When Richard Wentz of Strawberry glanced out his window on Squirrel Run Friday night, he thought a fog was rolling in. But when he walked outside, he smelled trouble.
"I looked out the window and it looked smoky or cloudy," he said. "I said to (my wife), Cynthia, "Is it foggy or is our window dirty? When I went outside, I could smell the smoke. I saw smoke coming from the eves at (Honor Booker's) place and called 911."
His wife, Cynthia, went next door to see if their 69-year-old neighbor, Booker, was home. She wasn't, but her three pet cats were. Cynthia noticed the front door was very hot and knew not to open it.
"Things took off from there," her husband said.
Pine-Strawberry Fire Chief Paul Coe was one of the first to arrive at the smoldering house. He said later that he immediately noticed the telltale signs of a potential backfire, which could be caused by firefighters busting open a door and allowing a sudden rush of oxygen to enflame the starving fire.
Using cross ventilation to open the house safely, P-S Fire Lt. Mike Brandt, Reserve Captain Mike Brandt and engineer Ken Slayman entered the smoke-darkened home.
Slayman climbed up a narrow spiral staircase to the second floor and opened another window, while firefighter Al Sherman poured about 50 gallons of water on a small fire that was burning between a new gas stove and the stairwell which also led to the basement.
A five-member team from the Payson Fire Department, led by Jimmy Rasmussen, joined the local crew. Taking shifts, the nine firefighters searched the house for the widow's three cats.
Booker drove to the Valley Friday morning and planned to return home Sunday evening. She left her pets with self-feeders and waterers, and access to a cat door, her daughter Ilene Mote said.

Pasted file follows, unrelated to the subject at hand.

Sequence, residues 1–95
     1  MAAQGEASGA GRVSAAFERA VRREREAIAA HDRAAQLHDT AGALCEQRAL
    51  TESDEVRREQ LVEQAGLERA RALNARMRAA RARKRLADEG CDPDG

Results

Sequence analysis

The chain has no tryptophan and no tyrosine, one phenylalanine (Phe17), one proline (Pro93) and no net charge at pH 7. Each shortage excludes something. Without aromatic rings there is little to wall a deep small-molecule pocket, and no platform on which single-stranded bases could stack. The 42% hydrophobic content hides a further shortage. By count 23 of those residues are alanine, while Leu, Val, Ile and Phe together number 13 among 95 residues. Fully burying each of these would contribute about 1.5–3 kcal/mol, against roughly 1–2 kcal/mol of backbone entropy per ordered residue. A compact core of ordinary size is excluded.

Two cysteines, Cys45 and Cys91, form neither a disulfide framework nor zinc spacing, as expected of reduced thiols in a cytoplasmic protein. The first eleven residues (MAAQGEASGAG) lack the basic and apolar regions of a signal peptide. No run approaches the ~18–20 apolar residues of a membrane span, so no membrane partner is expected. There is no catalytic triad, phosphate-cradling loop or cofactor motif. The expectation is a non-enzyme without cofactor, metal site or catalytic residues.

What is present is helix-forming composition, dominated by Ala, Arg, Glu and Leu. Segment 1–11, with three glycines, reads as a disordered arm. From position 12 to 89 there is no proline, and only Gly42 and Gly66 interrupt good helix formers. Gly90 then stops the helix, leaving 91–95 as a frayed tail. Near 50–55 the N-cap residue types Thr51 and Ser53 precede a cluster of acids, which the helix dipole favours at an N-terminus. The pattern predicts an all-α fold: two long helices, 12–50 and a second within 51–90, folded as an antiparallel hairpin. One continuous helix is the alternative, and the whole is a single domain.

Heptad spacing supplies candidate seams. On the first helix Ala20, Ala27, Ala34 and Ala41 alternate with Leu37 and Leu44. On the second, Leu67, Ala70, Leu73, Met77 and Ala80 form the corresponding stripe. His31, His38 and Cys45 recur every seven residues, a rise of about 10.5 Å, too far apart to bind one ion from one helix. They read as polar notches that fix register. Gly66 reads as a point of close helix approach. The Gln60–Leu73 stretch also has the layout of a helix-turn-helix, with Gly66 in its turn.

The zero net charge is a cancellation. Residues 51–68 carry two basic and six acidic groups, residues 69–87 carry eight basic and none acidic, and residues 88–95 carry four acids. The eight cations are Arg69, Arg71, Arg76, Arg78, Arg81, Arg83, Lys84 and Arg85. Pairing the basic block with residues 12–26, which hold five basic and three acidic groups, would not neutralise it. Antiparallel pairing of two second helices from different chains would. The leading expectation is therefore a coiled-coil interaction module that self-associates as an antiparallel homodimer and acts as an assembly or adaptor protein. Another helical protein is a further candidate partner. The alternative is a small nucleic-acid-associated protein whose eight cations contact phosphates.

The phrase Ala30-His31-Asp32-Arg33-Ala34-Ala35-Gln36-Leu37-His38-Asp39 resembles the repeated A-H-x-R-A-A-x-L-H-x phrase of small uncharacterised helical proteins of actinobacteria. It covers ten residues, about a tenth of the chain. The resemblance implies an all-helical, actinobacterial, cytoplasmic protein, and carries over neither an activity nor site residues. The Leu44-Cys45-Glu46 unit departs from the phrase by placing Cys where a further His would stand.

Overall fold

Mote watched as firefighters in bulky uniforms shuffled in and out of her mother's home.
Searching through the smoke, firefighters brought out the cats one by one.
They found 9-year-old Messner in the basement first. Overwhelmed by smoke, the tomcat barely responded at first. Lt. Don Smith fitted a human oxygen mask over the cat's face and got some reaction. The cat lapsed into a couple of seizures, but finally stabilized.
"He gave us a few scares," Smith said.
Booker's 13-year-old cat Missy and 4-month-old kitten "T" weren't as lucky.
Veterinarian Sandra Snyder treated Messner late Friday night, and kept him over the weekend to guard against complications.
"The very best thing was to give him oxygen," she said. That is the key with any smoke inhalation. It is really the only thing that can be done out there."
Once the smoke cleared, fire investigators Mark Boyce, John Varljen and John Wisener assessed the damage.
Inside, the team found a melted microwave, TV and stereo, charred beams, and a melted stair rail. Smoke and heat had permeated every nook and cranny of the home, melting shower curtains, light fixtures and Booker's lifelong collection of treasures.
"It looks like the photo albums are intact," Wisener said as he picked through the debris while trying to figure out what started the fire.
The heat patterns inside the house indicate that the temperature rose to above 2,000 degrees, Chief Coe said.
Although investigators have been unable to positively identify the cause of the fire, they suspect it was an electrical malfunction. Investigators found signs of wire overheating, which could have been caused by a break in a wire or a short, Coe said Monday.
News of the fire has been hard on the 69-year-old owner.
"She did have a heart episode," Mote said. Booker was in the hospital until Sunday and is now staying with her daughter in Strawberry. Booker's home has been condemned. She is currently trying to salvage whatever mementos and clothing she can from the blackened building that used to be her home.
On Monday, Messner was allowed to return to his owner. He's a bit confused, Mote said, but is already showing signs of his old self. "He's rubbing up against me looking for loving."